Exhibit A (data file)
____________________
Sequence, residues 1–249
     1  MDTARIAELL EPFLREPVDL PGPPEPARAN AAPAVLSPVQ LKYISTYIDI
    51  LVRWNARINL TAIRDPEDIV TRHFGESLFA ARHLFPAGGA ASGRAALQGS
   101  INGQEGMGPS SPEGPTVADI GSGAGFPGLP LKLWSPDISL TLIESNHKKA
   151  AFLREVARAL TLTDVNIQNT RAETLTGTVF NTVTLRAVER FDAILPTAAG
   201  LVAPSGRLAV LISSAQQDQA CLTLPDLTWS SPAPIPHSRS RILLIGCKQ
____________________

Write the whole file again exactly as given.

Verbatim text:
Sequence, residues 1–249
     1  MDTARIAELL EPFLREPVDL PGPPEPARAN AAPAVLSPVQ LKYISTYIDI
    51  LVRWNARINL TAIRDPEDIV TRHFGESLFA ARHLFPAGGA ASGRAALQGS
   101  INGQEGMGPS SPEGPTVADI GSGAGFPGLP LKLWSPDISL TLIESNHKKA
   151  AFLREVARAL TLTDVNIQNT RAETLTGTVF NTVTLRAVER FDAILPTAAG
   201  LVAPSGRLAV LISSAQQDQA CLTLPDLTWS SPAPIPHSRS RILLIGCKQ